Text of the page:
I brought up this concern with one of my fellow missionaries, but it was brushed off.
Imagine not feeling comfortable in your surroundings and not being able to communicate clearly with anyone. Mondays were our “P-days” (preparation days). We would travel about 30 minutes away to spend time with neighboring missionaries on these days and try to have some sort of fun. On about my 3rd Monday in Brazil we traveled longer than normal and showed up at the mission home at what was apparently a mission-wide conference complete with sports activities. Only, I couldn’t participate because I hadn’t brought a change of clothes. My companion hadn’t told me anything about it. That’s how clueless I was and how stilted our communication was. He was an ass and I remember being embarrassed that day.
On my 5th Monday in Brazil as our P-day was winding to a close, Elder Ferreira was a bit more agitated than usual. I’d written a letter to the mission president that day telling him that I thought something was wrong. Like a good guilt-ridden Mormon I found a way to somehow share the blame by saying, “I’m probably just as much at fault at times for not saying something to him.”
Just before dinner Elder Ferreira began packing his bags telling me that he was going to ask the mission president for a transfer to another area.
“YEA!” I thought. I actually said, “But you haven’t asked yet, right? So why are you packing already?”
I got no answer that I could discern, and so we went upstairs for dinner. As usual the conversation hovered far above my head. I just ate. At some point in the meal my companion excused himself to go to the bathroom. Then, Marisa excused herself. Then, the Mom excused herself and soon I realized I was the only one left at the table. I was in someone else’s home so my first reaction was not to go off searching for people, but when I heard a commotion outside at the front gate, I got up to see what was going on. As I exited the house I saw my companion and Marisa putting their bags in a Taxi.
I asked what was happening and Elder Ferreira said something that sounded like this:
“Parafkjr rnfo que jfkieo nmsakorgj nerfirjgrij. I will call the mission president tonight. Knmdfoero mjeknmfrgr mmeoe. Mpocek. You call him later. Goodbye knjeogmm.
The taxi drove off and I felt….good…. for the first time since I’d stepped foot in Brazil.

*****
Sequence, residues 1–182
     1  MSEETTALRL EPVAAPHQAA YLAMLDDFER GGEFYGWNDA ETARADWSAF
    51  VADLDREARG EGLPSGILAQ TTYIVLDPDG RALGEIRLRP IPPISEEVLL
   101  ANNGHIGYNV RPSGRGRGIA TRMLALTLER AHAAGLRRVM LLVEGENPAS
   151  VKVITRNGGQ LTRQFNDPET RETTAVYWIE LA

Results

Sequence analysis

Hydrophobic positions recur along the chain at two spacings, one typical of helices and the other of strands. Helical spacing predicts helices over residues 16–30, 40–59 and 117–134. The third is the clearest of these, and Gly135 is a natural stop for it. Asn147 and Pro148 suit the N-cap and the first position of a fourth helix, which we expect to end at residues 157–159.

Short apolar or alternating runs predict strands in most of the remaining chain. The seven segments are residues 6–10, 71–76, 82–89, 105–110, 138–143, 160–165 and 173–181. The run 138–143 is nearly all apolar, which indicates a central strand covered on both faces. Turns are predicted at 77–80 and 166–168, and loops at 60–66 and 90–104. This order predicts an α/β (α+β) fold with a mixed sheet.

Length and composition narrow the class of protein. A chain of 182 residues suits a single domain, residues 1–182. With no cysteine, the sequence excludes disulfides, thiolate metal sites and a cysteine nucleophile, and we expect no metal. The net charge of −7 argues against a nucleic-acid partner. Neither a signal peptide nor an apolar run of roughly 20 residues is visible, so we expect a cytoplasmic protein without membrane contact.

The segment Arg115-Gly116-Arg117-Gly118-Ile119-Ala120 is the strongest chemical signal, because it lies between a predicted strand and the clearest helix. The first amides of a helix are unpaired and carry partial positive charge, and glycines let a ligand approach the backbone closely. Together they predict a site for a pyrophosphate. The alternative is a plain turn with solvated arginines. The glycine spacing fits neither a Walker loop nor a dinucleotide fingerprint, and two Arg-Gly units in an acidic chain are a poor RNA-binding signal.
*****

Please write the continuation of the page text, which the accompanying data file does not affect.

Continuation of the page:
I went to bed that night and planned to call the president in the morning. At that time, most families, let alone missionaries, didn’t have telephones in Brazil. You had to call from a pay phone which was usually at the corner bar. Marisa’s Mom gave me some telephone tokens and pointed me in the direction of the nearest bar.
The mission president’s wife answered the phone. It just so happens that they had been hosting a Brazilian Mission President’s Conference in their home the previous night when Elder Ferreira had called. He wasn’t all that pleased to talk to me.
“Sister X, I need to talk to President X”
“Well he’s really busy right now. Is it an emergency Elder DPS?”
“Yes it is.”
“OK hold on”……..
“President X, this is Elder DPS, my companion Elder Ferreira ran off with a girl last night”
The phone went dead. I redialed and Sister X re-answered and we went through the same routine.
“Elder DPS, how many phone tokens do you have?”
“Uh one more”
“Before anything else, go in the bar and buy 10 more and come back on the line”
Once back on the line, I related my experience of the previous 12 hours and was instructed to join the missionaries in the next area. When I found the other missionaries I heard that one of them had actually been at the mission president’s home the previous night. He was the pianist for the high level meeting that night. I joined up with one of the companionships in that area and we became a threesome for a few weeks.
Elder Ferreira and Marisa did get married that night and they even returned to that same home and lived with that family and attended the same ward. I saw them at church each Sunday.
About a month after the elopement I got a handwritten memo in the mail from my mission president. It said, “My good brother – You are your brother’s keeper. If you would have only sounded the alarm maybe we could have saved him. My heart is almost broken. I hope you can feel and read between the lines. This is perhaps my saddest day in Brazil. Please feel and watch your companions.”
Somehow it was all my fault?
About 4 months ago Elder Ferreira “Friended” me on Facebook…27 years after the events above. We’ve instant messaged back and forth a few times. He felt terrible guilt about leaving his mission and being such an ass towards me. I said I’d moved on and wished him only the best. He and Marisa are divorced. His two kids from that marriage can’t stand him. He’s been ex-communicated and rebaptized in the LDS church…twice. He is active in church now, remarried, and has 2 other kids with this 2nd wife. I also learned that Marisa’s younger brother had actually been Marisa’s son, but they pretended otherwise. It was a Jerry Springer-worthy white trash story, the Brazilian version. I guess you could call it a lusciously bronzed trash story.
I’m just glad to be out of the church, but oddly enough I’d love to return to Brazil.
Next: my new homosexual companion joins a dance troupe in Brazil and there’s a flood.